When people talk about Westerns today, they generally include Fred Zinnemann’s High Noon on the list of classics. It’s not a classic Western, though. It is, in many ways, contrary. Westerns were usually about gunfights and sweeping scenery and heroes in ten-gallon hats. For most of its length, High Noon has none of that.
It starts with Marshall Will Kane (Gary Cooper) retiring. He’s getting on in years and has just gotten married to Amy Fowler (Grace Kelly), a Quaker and a pacifist. Their plan is to leave town and begin a new life as shopkeepers. As they’re on their way out the door, however, word comes in that Frank Miller (Ian MacDonald) has been released from prison on a technicality. Frank’s a nasty character that Kane sent up a few years back. He’s sworn to seek bloody revenge on the Marshall and he’s arriving on the noon train — that’s about an hour away.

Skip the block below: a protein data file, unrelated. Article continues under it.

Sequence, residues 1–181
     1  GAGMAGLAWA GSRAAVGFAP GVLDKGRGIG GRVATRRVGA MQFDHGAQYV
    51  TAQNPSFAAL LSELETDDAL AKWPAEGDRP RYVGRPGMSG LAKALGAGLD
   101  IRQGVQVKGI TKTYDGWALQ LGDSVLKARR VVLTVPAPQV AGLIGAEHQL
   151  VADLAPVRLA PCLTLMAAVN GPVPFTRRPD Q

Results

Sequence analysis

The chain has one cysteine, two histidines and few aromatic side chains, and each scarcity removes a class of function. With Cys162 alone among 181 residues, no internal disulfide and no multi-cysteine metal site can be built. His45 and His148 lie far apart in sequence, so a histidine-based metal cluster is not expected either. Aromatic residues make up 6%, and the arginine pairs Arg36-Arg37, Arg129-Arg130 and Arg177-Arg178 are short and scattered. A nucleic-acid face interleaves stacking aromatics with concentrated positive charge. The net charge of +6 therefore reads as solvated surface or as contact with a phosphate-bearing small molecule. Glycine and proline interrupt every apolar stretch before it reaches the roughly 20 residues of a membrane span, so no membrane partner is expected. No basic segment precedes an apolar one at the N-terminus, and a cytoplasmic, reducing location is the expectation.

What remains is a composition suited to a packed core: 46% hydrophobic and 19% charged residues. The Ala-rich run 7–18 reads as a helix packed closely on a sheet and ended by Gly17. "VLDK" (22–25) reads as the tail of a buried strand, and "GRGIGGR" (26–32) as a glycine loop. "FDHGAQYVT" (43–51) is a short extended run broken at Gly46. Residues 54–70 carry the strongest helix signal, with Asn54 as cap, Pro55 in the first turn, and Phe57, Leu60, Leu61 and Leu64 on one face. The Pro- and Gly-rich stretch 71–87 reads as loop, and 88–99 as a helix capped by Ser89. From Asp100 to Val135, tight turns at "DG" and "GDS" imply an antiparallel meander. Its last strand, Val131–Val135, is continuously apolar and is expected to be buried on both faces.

In fact, that’s exactly an hour away, as everything in High Noon happens in real-time. One of its main characters is the clock, which slowly ticks down the minutes until Miller’s arrival.
So, unlike most Westerns, this one clearly is saving all the gunplay until the end. The relatively short running time (85 minutes) spends the rest of its length investigating the character of those who might stand between Miller and Kane, or beside Kane as he stands up against Miller and his gang.
High Noon tracks with Will Kane as he reclaims his badge and tries to convince the townsfolk he’s protected to join with him. Among these timid creatures we find young Lloyd Bridges as the ex-deputy, Harry Morgan as the best friend, and Katy Jurado as both Will and Frank’s ex-lover. Eagerly waiting at the station for Frank’s arrival there are also three members of Miller’s gang, including Lee Van Cleef.